14×18″ landscape painting on canvas, this painting captures a bygone era in Cuba, when it was occupied by the US up until the 50s. The train is a symbol of both oppression and the potential wealth of the country, which has been painfully stifled under embargoes since the revolution that freed the people from colonial rule.
It has the feeling of almost blinding brilliance, an intensely bright energy… in its sun-drenched scenery and rich blue sky. To me this represents how blinding politics based on resource extraction can be, especially colonial and neoliberal. The promise of wealth glitters and shines in our minds (us on the outside), and we easily forget what is at stake.
This early 20th century American train is beautiful to me against the Cuban sky, but it also carries a sadness, a heaviness… for knowing the Spanish Colonial eradication of the Native People of Cuba, and now for the continued oppression of it’s people today, many of whom are descendants of slaves to Spanish imperialism. They chose to throw off yet another colonial rule (American), and continue to suffer impoverishment by design via world sanctions, in a rich land, in culture and beauty and inestimable value.
But… perhaps this has saved Cuba from the new political model, called neoliberalism (vague, isn’t it), that has ensured the insecurity and impoverishment of most of Latin America. I do not wish to justify or somehow valorize their poverty, but I do admire the integrity of Cuba in placing the health and wellbeing of its people above its economy, which is exactly where it needs to be… rather than surrendering to the superpowers of the West to ensure the wealth of the few…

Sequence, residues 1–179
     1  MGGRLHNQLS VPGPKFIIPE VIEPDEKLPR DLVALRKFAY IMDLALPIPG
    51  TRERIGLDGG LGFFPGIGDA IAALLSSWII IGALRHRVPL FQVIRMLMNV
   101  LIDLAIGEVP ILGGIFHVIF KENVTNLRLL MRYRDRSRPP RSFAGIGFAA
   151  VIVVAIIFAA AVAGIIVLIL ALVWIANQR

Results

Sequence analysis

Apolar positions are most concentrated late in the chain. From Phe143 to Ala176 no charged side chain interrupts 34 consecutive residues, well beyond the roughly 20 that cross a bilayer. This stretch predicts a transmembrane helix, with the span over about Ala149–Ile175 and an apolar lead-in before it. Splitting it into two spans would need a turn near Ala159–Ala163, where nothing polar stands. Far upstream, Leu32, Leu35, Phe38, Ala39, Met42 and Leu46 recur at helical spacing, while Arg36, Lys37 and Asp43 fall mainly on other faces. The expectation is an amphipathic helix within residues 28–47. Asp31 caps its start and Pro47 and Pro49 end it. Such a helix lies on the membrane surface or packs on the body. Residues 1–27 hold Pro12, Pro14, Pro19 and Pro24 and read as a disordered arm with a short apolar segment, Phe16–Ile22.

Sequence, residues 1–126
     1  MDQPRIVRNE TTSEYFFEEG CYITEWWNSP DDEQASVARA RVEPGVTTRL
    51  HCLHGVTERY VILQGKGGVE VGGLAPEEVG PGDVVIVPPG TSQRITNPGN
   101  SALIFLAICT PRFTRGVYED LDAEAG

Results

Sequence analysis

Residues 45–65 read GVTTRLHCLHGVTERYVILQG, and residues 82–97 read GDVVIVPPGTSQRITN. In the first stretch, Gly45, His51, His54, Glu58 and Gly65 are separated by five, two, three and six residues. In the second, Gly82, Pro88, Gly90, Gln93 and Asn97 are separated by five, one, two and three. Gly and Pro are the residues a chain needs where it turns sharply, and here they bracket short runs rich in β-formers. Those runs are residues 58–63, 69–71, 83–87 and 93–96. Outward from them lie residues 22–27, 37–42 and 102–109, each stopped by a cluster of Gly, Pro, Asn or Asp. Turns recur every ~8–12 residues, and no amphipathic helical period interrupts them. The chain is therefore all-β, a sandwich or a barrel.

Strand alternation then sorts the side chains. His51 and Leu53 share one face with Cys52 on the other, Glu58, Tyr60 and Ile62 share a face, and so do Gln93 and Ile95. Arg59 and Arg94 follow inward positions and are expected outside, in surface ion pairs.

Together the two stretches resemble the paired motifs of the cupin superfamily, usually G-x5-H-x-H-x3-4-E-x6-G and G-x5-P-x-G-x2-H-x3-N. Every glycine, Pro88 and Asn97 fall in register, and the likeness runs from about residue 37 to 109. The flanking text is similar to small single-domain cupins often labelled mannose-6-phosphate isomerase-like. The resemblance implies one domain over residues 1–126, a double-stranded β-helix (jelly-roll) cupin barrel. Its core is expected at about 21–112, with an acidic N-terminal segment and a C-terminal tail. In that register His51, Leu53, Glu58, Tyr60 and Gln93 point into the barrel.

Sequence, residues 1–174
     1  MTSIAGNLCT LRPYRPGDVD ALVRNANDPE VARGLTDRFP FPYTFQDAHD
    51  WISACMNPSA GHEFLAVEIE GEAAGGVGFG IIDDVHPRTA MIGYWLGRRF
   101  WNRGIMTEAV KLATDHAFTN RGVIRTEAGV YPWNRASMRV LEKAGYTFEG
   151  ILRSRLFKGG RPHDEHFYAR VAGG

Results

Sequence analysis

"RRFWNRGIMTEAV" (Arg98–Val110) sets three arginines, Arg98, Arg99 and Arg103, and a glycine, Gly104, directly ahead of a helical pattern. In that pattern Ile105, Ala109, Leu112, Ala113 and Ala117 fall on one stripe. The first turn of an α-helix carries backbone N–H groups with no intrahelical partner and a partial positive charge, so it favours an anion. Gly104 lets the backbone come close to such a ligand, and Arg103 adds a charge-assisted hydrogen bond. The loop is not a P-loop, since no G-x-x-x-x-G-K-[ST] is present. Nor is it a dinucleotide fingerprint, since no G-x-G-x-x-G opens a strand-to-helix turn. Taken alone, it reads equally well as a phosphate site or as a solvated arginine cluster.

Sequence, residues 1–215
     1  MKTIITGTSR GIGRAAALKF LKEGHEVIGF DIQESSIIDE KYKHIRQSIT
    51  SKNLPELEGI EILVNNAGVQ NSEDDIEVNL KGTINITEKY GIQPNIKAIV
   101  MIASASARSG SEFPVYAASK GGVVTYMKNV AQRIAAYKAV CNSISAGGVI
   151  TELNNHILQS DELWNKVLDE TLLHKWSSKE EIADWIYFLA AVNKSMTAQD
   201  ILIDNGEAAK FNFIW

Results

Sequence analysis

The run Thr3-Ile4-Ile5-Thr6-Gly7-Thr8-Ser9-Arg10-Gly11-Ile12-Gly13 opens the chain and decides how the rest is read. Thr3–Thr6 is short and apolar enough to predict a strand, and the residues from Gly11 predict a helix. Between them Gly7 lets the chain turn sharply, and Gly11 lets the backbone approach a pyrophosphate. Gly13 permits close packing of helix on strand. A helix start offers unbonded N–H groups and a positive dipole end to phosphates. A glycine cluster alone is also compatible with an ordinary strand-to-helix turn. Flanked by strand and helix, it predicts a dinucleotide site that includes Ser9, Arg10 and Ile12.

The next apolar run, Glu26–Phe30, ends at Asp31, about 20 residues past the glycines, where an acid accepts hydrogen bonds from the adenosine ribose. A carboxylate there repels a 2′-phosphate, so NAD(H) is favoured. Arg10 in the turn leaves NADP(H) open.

See other JK landscape work here.
The inspiration for my works like these came originally from a trip I took to Cuba at Christmas in 2016. When it’s grey and wet in Vancouver, these brilliant blue skies are a nice memory, and Cuban history is definitely food for thought. I wonder how people nowadays interpret world sanctions on this Hispanic and Black population…